Dreams feel like haphazard scenarios—kind of like surrealist art. One moment you’re talking to your dog in your ex-boyfriend’s mom’s house and the next thing you know you’re in a spaceship on your way to Saturn with two people you call your best friends but look like complete strangers. It all feels surreal.
Here’s a list of five surrealist paintings that might feel familiar from last night’s sleep.
Eine Kleine Nachtmusik, “A Little Night Music,” Dorothea Tanning, (1943)
As a kid, everything seems so significant when you are so small. The large doors and giant sunflowers are familiar but random—a common motif in surrealist paintings. But what makes this piece feel like a fever dream is how it borders the line between normal and chilling. The child’s hair sticking straight up, defying gravity, combined with the sunflower’s stem broken like spider legs makes you wonder, “What is going on here?”
Tanning’s inspiration for this painting involved her love for Mozart, hence the title, and her view on confrontation. The painting portrays a child and a doll facing away from one another when there are a number of doors to choose from and stairs to escape. The same aggression that comes with confrontation is seen in the sunflower—known to be one of the more aggressively invasive flowers. However, without dissection, Eine Kleine Nachtmusik feels like a chilling and familial scene from one’s childhood night.
The Old Maids, Leonora Carrington, (1947)
Once again, we see a depiction of a scene that could happen in real life, yet the elements of the painting are tainted, evoking mixed emotions from the viewer. In a room of four women with misshapen proportions, a younger child faces away from them holding a cup of tea. Similar to our dreams, the scene seems rather normal. But upon further investigation, normalcy shifts to discord. Magpies and a monkey join the ladies for tea while an abnormally small fire warms the space in the fireplace.
Carrington’s goal with The Old Maids was to highlight themes of fertility, womanhood, aging, and culinary practices. The alliance between animals and humans in The Old Maids is reminiscent of her novel’s plot, The Hearing Trumpet, where a woman cooks herself into a broth and joins a post-polycyclic community with cats, wolves, and dogs. Totally normal and not evocative of a fever dream, right?
Tomorrow Is Never, Kay Sage (1955)
In an eerie, isolated, and deconstructed city, Sage emulates how nightmares can feel. Unfortunately, Sage’s nightmare became a reality. Tomorrow Is Never was produced after a five-month career hiatus following the abrupt death of her husband. The bones of the skyscrapers tower over the clouds, allowing the viewer to “hear” the high-pitched whistling of the wind piercing through the holes of the scaffolding. The monotone greys not only set the mood for the painting but also mirror Sage’s emotions during this time. Nightmares often capture one’s worst fears: spiders, snakes, the ocean, heights, death, or isolation. Tomorrow Is Never encapsulates the feeling of isolation and solitude—the same emotions felt after the death of a loved one, a common motif in nightmares.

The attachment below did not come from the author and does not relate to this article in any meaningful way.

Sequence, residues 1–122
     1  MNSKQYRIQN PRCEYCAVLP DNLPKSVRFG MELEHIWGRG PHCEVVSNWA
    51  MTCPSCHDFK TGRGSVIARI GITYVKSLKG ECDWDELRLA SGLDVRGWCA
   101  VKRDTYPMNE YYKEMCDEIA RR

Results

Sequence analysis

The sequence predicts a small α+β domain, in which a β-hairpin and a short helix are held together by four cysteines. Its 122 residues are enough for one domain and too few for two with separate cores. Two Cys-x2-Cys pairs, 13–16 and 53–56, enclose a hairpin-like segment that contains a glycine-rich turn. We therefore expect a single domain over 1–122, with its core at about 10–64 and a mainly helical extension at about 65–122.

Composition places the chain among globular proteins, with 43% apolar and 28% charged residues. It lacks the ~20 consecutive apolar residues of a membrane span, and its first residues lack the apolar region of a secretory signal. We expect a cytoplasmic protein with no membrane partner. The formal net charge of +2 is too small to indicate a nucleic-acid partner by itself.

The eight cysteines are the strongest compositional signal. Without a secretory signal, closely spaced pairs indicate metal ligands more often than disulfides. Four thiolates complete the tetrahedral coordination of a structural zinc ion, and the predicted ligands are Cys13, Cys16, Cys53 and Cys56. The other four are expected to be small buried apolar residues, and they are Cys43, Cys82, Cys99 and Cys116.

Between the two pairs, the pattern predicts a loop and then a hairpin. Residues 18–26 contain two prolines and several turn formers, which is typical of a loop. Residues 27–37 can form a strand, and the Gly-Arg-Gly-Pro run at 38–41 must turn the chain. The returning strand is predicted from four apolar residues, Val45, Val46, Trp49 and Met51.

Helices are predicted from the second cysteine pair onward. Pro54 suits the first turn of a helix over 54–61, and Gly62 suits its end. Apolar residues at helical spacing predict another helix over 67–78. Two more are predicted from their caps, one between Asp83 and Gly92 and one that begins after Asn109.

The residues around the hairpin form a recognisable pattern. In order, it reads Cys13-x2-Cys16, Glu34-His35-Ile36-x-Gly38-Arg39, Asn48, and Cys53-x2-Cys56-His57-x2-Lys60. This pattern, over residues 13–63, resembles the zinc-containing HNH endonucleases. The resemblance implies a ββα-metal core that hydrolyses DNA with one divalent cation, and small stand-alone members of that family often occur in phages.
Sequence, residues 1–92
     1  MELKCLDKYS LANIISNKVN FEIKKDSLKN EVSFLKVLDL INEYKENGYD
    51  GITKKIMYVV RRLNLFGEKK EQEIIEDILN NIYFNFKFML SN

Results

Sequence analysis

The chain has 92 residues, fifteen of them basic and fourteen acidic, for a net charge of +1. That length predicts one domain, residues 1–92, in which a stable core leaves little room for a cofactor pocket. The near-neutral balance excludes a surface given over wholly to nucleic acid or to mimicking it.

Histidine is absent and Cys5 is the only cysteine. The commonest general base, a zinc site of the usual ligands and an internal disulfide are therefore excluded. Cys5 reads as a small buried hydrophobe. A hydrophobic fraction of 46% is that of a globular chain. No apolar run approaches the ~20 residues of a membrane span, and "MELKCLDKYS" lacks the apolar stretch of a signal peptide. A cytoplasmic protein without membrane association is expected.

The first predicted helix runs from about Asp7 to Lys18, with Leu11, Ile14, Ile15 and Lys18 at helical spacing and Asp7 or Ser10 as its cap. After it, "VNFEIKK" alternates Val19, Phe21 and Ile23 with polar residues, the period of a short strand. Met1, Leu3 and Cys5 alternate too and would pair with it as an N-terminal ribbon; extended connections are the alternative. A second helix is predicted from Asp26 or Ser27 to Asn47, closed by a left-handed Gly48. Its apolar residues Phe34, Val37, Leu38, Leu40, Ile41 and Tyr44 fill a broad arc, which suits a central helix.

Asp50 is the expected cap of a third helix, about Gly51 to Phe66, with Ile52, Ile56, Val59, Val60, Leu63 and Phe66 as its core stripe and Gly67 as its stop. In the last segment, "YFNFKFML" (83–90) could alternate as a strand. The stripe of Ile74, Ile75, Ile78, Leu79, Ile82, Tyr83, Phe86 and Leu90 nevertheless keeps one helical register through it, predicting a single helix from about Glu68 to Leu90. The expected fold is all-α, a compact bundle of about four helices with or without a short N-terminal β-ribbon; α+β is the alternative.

Papilla Estelar, “Star Maker,” Remedios Varo, (1958)
Papilla Estelar is chillingly whimsical with the glowing moon and a woman’s lanky body and sharp features. If there’s one thing we know already, it is that surrealism resembles reality but in a bizarre way. For Varo, using a meat grinder to crush stars and feed them to the moon was her strange component. The woman trapped in a tower is meant to represent the events occurring in Varo’s life.
She was exiled from Spain and fled to Mexico where her artwork was not widely accepted by the locals. She felt trapped, hence the small tower, and longed for hope. The woman pulverizing the stars is meant to symbolize Varo’s efforts to grasp onto any potential hope and feeding the stardust to the moon is her way of transforming yearning into an opportunity to escape the looming fear of being isolated forever.
La Esfinge, “The Sphinx,” David Gore, (1988)
And last, but certainly not least, is David Gore’s La Esfinge. The landscape capitalizes on the recurring stylistic choices of surrealism: overcast sky and neverending floor. The family as the main focal point invites the viewer to recall a dream that took place in a familial setting, yet something remained off—possibly a personified naked version of the iconic Sphinx or the fact you and your family members are wearing gas masks in the middle of nowhere.
Either way, La Esfinge, and fever dreams hold some underlying meaning. Typically, dreams highlight intense emotions one feels throughout the day, such as stress or grief.
Gore’s painting highlights historic events and their associated symbols—a child dragging a Trojan horse toy, the gas masks similar to the ones distributed during World War II and the Cold War, the marble statue that is an iconic emblem of the Roman Age, and the Sphinx that symbolizes one of Ancient Egypt’s greatest builds. It is interesting that Gore put two major representations of war together alongside two structures that illustrate a time of great architectural development. Oh, and the woman’s chest on a lion’s body is also pretty intriguing.
One of the best things about surrealist art is that the viewer can interpret it any way they want, but sometimes art is just art. Dreams can be analyzed similarly—our personalized movies could emphasize how we feel during the day or sometimes we just have weird, bizarre, unexplainable fever dreams.
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